GSE Reform

Posted in Financial Markets, Politics and Policy at 6:36 am

There are two primary issues, orthogonal to one another, that need to be addressed:

  1. How should the GSEs be organized (public agency, private for-profit company, some sort of hybrid)?
  2. What functions should the GSEs perform?

I’ll address the second question first, as the answer will impact how we frame the solution to the first question.

Currently, the GSEs (Fannie and Freddie) engage in three separate activities:

  1. Purchasing whole mortgages from lending institutions and packaging them into MBS.
  2. Providing a guarantee on the MBS they create.
  3. Purchasing MBS (their own and private label) to hold in their portfolio.

They issue debt (agency bonds) to finance #1 and #3.

Function #3 should be eliminated.  It is this function that created most of the systemic risk and required taking the GSEs into conservatorship.  The GSEs were essentially operating a hedge fund here, and a highly leveraged one at that.  It makes no sense whatsoever to concentrate MBS holdings at any one or two firms to that degree, and that is the case regardless of whether we’re talking private companies or quasi-government enterprises.  That level of size, market risk, and leverage is hazardous anywhere.

Function #1 should probably also be eliminated.  It’s not particularly harmful, but there’s no reason why private firms cannot fulfill what it a relatively mundane function.

Function #2 should be kept.  Without some sort of guarantee, interest rates would be much higher, potentially several hundred basis points higher as Bill Gross of PIMCO noted yesterday, the mortgage market would be highly illiquid, and it would be prone to periodically locking up.

What do we end up with if we eliminate Functions #1 and #3 and keep #2?  We end up with Ginnie Mae.  That is exactly what Ginnie Mae does today – they provide guarantees and nothing else, they do no buy whole mortgages to create MBS nor do they hold any securities for their own portfolio.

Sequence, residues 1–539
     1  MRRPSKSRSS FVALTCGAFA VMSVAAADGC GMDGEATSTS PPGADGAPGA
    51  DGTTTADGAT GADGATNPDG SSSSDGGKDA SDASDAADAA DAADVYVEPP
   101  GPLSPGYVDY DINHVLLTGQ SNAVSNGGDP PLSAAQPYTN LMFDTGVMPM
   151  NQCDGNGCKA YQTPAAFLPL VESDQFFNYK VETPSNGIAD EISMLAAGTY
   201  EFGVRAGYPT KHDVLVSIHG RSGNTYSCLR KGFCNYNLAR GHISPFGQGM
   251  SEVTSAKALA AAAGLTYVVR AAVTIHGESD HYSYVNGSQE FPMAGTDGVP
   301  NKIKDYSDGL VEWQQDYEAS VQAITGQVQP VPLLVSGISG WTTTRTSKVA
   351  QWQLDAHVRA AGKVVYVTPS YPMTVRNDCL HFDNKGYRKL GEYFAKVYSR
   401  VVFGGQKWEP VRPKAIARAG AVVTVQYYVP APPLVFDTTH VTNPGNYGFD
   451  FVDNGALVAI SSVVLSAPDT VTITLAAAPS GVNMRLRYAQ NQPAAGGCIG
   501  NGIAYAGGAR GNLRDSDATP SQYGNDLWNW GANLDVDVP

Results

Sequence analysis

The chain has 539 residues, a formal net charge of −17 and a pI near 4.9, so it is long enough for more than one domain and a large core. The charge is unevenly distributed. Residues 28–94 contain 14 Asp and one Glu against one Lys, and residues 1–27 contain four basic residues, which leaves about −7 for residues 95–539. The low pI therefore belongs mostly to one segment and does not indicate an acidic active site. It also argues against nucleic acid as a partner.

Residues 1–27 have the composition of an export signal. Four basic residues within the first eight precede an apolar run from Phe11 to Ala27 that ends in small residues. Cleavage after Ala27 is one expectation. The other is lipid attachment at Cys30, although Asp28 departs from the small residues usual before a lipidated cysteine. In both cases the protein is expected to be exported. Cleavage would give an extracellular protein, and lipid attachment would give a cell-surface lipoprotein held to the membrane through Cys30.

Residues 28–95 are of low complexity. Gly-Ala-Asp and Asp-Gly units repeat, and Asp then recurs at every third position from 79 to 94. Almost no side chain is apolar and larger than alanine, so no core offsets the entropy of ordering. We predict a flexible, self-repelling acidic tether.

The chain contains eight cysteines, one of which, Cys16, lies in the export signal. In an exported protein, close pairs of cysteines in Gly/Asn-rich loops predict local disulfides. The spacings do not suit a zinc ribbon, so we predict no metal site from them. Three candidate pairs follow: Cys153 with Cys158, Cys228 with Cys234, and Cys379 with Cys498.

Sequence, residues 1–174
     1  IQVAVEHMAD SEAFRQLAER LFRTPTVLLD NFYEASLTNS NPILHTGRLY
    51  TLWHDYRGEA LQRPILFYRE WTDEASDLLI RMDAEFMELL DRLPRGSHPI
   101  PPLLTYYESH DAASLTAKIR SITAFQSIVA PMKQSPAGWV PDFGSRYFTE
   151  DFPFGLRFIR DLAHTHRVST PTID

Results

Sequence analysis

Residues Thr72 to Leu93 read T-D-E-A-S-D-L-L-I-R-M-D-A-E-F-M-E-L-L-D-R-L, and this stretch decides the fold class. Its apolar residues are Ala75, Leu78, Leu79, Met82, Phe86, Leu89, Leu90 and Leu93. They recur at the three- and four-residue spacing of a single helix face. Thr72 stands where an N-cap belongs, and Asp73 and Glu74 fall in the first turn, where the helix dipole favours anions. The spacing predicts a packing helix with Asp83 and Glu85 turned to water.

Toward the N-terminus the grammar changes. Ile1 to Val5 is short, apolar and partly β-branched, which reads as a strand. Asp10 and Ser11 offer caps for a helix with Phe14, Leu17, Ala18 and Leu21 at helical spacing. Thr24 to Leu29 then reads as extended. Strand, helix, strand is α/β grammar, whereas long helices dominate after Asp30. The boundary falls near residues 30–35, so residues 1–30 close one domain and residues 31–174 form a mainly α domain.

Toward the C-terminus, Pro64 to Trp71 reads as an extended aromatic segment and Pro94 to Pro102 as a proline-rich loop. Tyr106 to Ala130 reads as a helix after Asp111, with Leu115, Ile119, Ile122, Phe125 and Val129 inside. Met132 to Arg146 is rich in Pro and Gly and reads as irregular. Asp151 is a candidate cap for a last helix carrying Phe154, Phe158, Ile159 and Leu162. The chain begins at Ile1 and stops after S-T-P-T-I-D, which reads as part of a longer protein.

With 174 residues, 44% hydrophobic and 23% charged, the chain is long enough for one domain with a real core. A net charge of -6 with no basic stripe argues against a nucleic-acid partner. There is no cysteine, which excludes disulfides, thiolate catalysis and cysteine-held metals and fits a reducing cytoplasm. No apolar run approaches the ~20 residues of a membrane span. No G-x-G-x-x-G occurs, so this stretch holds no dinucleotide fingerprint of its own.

Now we can address the first question – How should the GSEs be organized?  Onstensibly, prior to Fall 2008, they were private companies, however they had an implicit public guarantee, no matter how vehemently they denied it.  Thus, they were a sort of hybrid.  This was the worst of all possible worlds, and should not be repeated.  Somewhat better than this would be to structure them as purely private, for-profit corporations.  There are two problems with this approach – 1) the market will always perceive there to be some sort of implicit guarantee, regardless of what is said and 2) since their ultimate purpose is to perform a public policy function (enabling low-cost liquid mortgage markets), why create an inherent conflict (between shareholders and policy makers) from the start?  The best solution is to make them an explicit government agency.

Once they are made an explicit government agency, however, another question arises.  Why have two additional agencies that are structured the same as Ginnie Mae and perform the exact same function?  Why not just expand Ginnie Mae?  This, I believe is the ultimate solution.  One government agency, providing mortgage guarantees and little else, subject to a specific set of restrictions on the underlying mortgages, for a specified fee.

The specific set of restrictions should be based on the GSE conforming loan standards that served the market well for many decades before the explosion of subprime: 20% down payments, LTV <= 80%, 28/36 DTI plus a FICO score (or substitute) somewhere in the low to mid 600′s as a minimum.  Approved mortgages should be standardized, with just a few options – 15 and 30 year fixed, and 3/1 and 5/1 ARMs (with perhaps slightly higher income requirements for the ARMs).